Intended for healthcare professionals

Practice What Your Patient is Thinking

Navigating breastfeeding through cancer treatment

BMJ 2024; 386 doi: (Published 08 July 2024) Cite this as: BMJ 2024;386:q1284
  1. Abi Rimmer

Abi Rimmer explains the challenges she faced while trying to continue breastfeeding throughout cancer diagnosis and treatment

When my daughter was around 3 months old, I had a sigmoidoscopy which revealed a tumour, suspected cancerous, in my rectum. Leaving my baby for the initial appointment felt like a huge upheaval. Little did I know what was to come.

That appointment was to be the start of my treatment journey for stage 3 colorectal cancer, and the start of my struggle to get my clinical team to understand they weren’t just treating a single person. My daughter and I were a package, not least because I was breastfeeding.

Just stop for 48 hours

One of the first problems I hit as a breastfeeding patient was the investigations that I needed to determine whether I did, in fact, have cancer. You name a scan, I’ve had it. Every time I received an appointment letter for a colonoscopy, an MRI, CT, or PET scan, I had to call the specialist cancer nurses to try to find out whether it was safe to breastfeed afterwards. They often wouldn’t know, and I’d be left to battle with the hospital switchboard for hours, desperately trying to reach the right department, the right person, who might.

When I did find someone to ask, the blanket advice was invariably to stop breastfeeding for 48 hours afterwards. When you’re breastfeeding, stopping for any length of time can be physically and emotionally distressing for you and your child. Two whole days of not breastfeeding is a long time. To add insult to injury, I often found—from the wonderful Breastfeeding Network’s “Drugs in Breastmilk” fact sheets—that this advice was wrong.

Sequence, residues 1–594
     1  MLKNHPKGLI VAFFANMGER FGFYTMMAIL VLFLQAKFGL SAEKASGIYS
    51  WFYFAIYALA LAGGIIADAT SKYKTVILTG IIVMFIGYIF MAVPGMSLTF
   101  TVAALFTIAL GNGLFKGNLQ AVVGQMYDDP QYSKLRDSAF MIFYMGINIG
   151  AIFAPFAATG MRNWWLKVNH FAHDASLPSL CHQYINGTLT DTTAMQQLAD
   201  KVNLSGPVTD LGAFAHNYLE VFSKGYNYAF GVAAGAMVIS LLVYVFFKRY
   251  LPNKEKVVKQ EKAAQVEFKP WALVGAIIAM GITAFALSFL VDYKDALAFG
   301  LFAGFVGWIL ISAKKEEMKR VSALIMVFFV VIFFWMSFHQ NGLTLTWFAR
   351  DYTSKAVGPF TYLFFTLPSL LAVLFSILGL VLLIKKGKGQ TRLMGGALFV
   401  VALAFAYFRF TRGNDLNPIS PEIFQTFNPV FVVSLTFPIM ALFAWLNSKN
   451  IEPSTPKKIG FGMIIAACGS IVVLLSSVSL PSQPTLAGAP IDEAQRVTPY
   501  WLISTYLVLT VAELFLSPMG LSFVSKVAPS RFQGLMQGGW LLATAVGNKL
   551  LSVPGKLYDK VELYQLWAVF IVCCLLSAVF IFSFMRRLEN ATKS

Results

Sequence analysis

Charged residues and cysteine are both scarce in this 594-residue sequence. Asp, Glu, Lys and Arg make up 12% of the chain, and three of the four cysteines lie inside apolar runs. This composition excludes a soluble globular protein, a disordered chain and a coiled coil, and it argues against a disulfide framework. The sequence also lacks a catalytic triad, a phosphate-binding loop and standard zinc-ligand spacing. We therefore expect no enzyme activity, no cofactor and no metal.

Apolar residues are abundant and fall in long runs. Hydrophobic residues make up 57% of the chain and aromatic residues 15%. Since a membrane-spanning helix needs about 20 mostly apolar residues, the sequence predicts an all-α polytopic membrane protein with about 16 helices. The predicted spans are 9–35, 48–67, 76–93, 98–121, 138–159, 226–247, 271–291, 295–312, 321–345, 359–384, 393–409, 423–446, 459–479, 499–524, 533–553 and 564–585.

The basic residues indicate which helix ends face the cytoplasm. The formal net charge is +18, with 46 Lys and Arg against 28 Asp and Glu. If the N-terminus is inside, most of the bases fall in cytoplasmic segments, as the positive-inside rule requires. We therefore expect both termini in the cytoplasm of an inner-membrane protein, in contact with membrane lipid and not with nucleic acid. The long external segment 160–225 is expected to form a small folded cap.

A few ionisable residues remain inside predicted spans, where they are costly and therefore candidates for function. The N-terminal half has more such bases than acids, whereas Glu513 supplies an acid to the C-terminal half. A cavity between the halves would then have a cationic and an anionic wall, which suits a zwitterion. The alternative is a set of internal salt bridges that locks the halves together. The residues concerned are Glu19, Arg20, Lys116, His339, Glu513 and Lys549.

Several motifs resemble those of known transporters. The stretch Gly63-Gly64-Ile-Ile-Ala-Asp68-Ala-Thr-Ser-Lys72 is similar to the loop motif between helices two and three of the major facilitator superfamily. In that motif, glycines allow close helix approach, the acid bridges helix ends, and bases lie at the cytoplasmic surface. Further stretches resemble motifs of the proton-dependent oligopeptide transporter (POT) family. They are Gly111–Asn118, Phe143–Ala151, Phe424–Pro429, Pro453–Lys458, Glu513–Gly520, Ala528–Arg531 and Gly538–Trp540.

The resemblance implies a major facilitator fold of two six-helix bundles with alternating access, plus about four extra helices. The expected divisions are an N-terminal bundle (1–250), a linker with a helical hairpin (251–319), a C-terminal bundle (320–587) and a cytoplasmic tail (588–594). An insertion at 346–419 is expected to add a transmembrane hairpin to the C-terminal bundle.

Breastfeeding around surgeries

I had three abdominal operations during the first year of my daughter’s life, and breastfed after all of them. This was not an easy feat. After each operation I stayed in hospital for at least one night. My daughter wasn’t allowed to visit me on the wards for her own safety. The breastfeeding network recommends that if a mother is separated from her baby for any length of time postoperatively then she needs access to a breast pump and a means to store the milk safely.

Unfortunately, no one from my team ever asked me how they could support my breastfeeding postoperatively. I took my own breast pump to the hospital and pumped both before and after the operations. Most of the milk was thrown away because of a lack of appropriate storage, which at the time felt extremely upsetting. For me, feeding my baby became a huge motivation to return home as soon as I could. I wish that someone had spent time creating a plan with me on how I could best manage my wish to continue breastfeeding. This would have shown me the team understood how important this was for me.

The necessary evil of stopping

Chemotherapy eventually drew to an end my journey as a breastfeeding cancer patient. This made me very sad. I felt that the decision of when I stopped breastfeeding my child had been taken away from me.Although it was a necessary evil, it would have helped to have had a discussion about it with my medical team, or been signposted to services that could help me through the process. Things were made additionally difficult when I was prescribed domperidone to deal with the nausea caused by the chemotherapy. When my milk supply failed to dry up I realised that this medication might be to blame.

On many occasions during my treatment, I was asked (as a distraction) what I would be doing if I wasn’t in hospital that day. My answer was always that I would be looking after my baby. Yet I felt that no one thought about what being separated from my young baby meant for me, or how they might be able to help me through this incredibly difficult time.

What you need to know

  • When treating a new mother, consider the needs of the mother and baby as a whole, including breastfeeding support

  • The breastfeeding network drug fact sheet offers advice for breastfeeding in relation to treatments and investigations

  • If a mother has recently stopped breastfeeding, check that any medications you prescribe do not promote lactation

Education in practice

  • When might you create a plan to support a mother to continue breastfeeding throughout her treatment or hospital stay?

  • What information or resources could you share?

  • How could you support a mother who has to be separated from her baby during treatment?


  • Competing interests: none.